Michael Patton tackles the question, why do we love C.S. Lewis and hate Rob Bell? I agree with his analysis. Read his post here. Below are some key points ... and these are important since many of Bell's defenders use the difference in our response to Lewis and Bell as a sign of hypocrisy; it is not - they just do not understand the argument. Patton does a nice job explaining that difference.
First of all, no one hates Rob Bell (or at least, no one should).
... while C.S. Lewis has a great deal of theological foibles, his ministry is defined by a defense of the essence of the Gospel. The essence of who Christ is and what he did are ardently defended by Lewis, saturating every page of his books. His purpose was clear: to defend the reality of God and the Lordship of Jesus Christ. All other things set aside, this is what you leave with every time you read Lewis. The problematic areas are peripheral, not central. One has to look hard to find the departures from traditional Protestant Christianity. They are not the subjects of his works and do not form the titles of his books.
However, with Rob Bell, the essence of who Christ is and what he did seems to be secondary. One has to look for those things as they weed through his defenses of non-traditional Christianity. Whereas Lewis’ ultimate purpose is to define and defend “mere” Christianity, Bell’s “mere” Christianity is but a footnote to a redefined Christianity. Bell’s focus is to challenge, question, change, reform, and emerge from traditions that bind us. Traditional apologetics, orthodoxy, and foundations are brought into question from beginning to end. Christ’s reality, deity, exclusivity, and the hope of the Gospel proclaimed receive an occasional footnote (if at all) from Bell.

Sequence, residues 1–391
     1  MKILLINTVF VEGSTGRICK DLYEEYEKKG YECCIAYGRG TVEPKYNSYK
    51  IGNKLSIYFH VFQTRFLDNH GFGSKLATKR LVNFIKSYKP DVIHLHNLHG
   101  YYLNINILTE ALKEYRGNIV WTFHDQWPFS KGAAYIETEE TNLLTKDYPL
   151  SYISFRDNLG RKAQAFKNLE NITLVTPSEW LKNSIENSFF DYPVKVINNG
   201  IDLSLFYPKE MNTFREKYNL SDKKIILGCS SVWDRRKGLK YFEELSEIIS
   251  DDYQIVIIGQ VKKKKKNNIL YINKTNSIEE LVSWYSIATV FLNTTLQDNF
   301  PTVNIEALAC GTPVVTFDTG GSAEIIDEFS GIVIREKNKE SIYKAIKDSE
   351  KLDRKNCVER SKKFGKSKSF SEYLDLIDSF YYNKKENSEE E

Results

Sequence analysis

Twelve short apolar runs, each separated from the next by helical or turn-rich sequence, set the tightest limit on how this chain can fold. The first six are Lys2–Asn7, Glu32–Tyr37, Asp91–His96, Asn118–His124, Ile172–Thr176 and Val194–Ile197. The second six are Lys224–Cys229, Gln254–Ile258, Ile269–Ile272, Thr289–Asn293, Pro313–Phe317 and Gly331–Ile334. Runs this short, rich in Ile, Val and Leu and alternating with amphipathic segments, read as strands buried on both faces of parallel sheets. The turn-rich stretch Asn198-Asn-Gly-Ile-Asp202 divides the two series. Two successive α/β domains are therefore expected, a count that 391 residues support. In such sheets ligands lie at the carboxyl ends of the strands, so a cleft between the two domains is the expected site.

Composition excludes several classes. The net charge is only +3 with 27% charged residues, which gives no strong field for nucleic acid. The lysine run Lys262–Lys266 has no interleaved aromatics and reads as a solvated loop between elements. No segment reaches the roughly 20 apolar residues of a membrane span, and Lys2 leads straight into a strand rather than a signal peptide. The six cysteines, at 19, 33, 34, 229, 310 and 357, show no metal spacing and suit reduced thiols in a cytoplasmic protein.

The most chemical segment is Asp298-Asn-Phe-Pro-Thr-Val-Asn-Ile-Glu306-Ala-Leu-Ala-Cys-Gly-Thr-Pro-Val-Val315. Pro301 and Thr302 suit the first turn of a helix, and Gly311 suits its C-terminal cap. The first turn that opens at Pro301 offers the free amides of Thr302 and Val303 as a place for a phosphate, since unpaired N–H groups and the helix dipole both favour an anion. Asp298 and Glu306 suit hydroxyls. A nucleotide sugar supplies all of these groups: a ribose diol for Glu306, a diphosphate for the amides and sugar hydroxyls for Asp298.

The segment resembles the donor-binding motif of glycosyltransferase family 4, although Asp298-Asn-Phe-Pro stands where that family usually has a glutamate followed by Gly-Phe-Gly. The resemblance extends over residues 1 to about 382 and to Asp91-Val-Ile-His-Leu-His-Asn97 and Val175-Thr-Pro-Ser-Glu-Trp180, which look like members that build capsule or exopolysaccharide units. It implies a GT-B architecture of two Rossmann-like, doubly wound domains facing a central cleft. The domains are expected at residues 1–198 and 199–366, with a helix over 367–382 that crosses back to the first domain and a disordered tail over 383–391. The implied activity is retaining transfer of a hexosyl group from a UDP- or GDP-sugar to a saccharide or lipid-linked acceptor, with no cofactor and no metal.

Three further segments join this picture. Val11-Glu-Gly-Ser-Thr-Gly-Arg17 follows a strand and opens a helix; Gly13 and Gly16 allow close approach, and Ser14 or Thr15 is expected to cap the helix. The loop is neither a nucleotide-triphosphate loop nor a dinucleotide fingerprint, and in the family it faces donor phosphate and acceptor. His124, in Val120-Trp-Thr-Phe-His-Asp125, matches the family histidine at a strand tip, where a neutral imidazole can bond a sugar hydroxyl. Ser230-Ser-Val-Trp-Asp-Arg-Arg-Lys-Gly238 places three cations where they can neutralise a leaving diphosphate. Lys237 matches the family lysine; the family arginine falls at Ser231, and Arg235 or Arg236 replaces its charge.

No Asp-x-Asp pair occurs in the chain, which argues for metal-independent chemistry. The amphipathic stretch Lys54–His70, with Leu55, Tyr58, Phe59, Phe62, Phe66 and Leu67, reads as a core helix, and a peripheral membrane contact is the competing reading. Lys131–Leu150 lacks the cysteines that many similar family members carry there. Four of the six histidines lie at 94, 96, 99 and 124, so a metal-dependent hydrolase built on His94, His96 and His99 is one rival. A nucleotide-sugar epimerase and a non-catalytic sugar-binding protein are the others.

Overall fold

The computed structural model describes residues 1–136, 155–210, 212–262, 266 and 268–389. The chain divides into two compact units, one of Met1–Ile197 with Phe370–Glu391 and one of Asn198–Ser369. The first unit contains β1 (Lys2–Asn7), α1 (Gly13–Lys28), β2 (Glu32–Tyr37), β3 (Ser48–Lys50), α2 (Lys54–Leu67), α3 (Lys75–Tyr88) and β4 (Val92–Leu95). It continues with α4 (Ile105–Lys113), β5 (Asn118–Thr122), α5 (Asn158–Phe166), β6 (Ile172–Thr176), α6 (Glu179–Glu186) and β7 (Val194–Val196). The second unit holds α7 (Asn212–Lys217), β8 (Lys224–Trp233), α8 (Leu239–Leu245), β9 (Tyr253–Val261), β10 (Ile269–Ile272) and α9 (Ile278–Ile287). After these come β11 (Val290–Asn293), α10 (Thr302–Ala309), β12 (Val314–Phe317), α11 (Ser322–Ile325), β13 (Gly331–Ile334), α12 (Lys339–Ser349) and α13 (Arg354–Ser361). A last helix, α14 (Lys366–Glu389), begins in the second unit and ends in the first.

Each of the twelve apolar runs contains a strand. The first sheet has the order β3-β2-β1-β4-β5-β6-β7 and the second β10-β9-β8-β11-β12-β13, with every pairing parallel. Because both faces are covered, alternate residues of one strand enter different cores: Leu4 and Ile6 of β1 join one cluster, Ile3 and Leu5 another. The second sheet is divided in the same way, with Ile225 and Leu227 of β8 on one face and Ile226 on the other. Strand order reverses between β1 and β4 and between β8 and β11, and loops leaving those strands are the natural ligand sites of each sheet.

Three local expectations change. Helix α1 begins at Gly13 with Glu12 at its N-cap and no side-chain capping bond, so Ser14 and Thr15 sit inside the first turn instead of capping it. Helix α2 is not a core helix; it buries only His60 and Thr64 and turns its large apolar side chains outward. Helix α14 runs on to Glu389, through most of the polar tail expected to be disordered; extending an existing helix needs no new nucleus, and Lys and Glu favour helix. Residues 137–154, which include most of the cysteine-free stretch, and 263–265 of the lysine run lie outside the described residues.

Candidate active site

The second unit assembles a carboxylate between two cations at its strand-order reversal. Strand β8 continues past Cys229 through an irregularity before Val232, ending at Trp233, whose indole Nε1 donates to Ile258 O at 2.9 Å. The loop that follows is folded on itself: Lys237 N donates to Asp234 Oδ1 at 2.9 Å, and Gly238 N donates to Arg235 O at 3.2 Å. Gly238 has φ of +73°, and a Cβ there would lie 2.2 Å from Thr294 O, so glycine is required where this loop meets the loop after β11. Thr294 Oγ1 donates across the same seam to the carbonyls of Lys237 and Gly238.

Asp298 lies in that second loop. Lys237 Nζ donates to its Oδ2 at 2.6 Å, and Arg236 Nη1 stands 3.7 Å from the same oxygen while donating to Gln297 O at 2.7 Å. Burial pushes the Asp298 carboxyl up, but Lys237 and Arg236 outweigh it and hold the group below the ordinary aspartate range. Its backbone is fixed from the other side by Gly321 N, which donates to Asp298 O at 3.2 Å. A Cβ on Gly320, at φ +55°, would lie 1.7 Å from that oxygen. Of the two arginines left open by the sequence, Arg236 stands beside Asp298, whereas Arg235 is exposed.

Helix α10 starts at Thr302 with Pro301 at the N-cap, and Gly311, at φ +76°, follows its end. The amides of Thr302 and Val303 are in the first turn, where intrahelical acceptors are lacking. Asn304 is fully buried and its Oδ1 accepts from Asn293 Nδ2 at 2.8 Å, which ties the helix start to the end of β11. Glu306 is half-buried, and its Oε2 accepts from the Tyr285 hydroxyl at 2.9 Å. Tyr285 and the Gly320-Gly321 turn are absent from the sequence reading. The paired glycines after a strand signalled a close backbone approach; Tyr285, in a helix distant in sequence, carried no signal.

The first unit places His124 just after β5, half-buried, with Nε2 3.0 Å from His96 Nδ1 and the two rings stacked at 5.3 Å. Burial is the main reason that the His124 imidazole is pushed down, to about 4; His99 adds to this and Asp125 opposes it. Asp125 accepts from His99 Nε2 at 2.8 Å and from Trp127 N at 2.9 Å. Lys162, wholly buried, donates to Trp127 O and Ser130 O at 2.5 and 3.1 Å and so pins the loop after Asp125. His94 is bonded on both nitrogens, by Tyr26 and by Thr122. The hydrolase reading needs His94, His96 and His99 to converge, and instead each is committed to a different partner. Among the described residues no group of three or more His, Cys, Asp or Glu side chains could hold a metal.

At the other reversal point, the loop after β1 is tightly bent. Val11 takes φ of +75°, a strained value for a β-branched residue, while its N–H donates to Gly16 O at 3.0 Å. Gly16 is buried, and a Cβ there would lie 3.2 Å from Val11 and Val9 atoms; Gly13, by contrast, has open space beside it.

Another way to put this is to say that in the ministry of C.S. Lewis, the central truths of the Christian faith are the chorus of his songs, with the occasional problem in the stanzas. However, with Bell, the chorus of his song is filled with challenges to traditional Christianity and if you listen really closely to the stanza, you might get an occasional line of orthodoxy.
... it is not just Rob Bell that is at issue. There are dozens of popular writers, pastors, bloggers, and authors who are singing the same chorus. They give lip service to the essence of Christianity, but from their platform it is only peppered in here and there. I think this is the core problem with what is/was known as the “emerging church.” It is not that we are against rethinking, reimagining, reforming, or any other “re,” it is that this became the central focus of the movement. Christ, the cross, sin, righteousness, and all other elements that create the essence of who we are became the subjects of challenges – mere lines in the song. This is why I distinguish between, say, Brian Mclaren and Dan Kimball. Both men, early on, were considered part of the “emerging church.” However, though he challenges some ideas here and there, Dan Kimball (like C.S. Lewis) is committed to the essence of the historic Christian faith. Truth, doctrine, love, and righteousness are found in everything he writes and says. They are the chorus. With Mclaren, on the other hand, traditional Christian beliefs and practices form more of (what seems to be) an embarrassing afterthought that he proclaims only under duress.
This is why I don’t like comparing C.S. Lewis to Rob Bell. There is no comparison. Neither is it fair to team Rob Bell up with many of the great saints of the past, such as the Cappidocians or Origen (as is often done). Yes, they all have problems, but the question is, Do these problems define the essence of their ministry and passion? With Rob Bell (and many like him), they do. With most of the other historic figures that some try to put on Bell’s team, they don’t.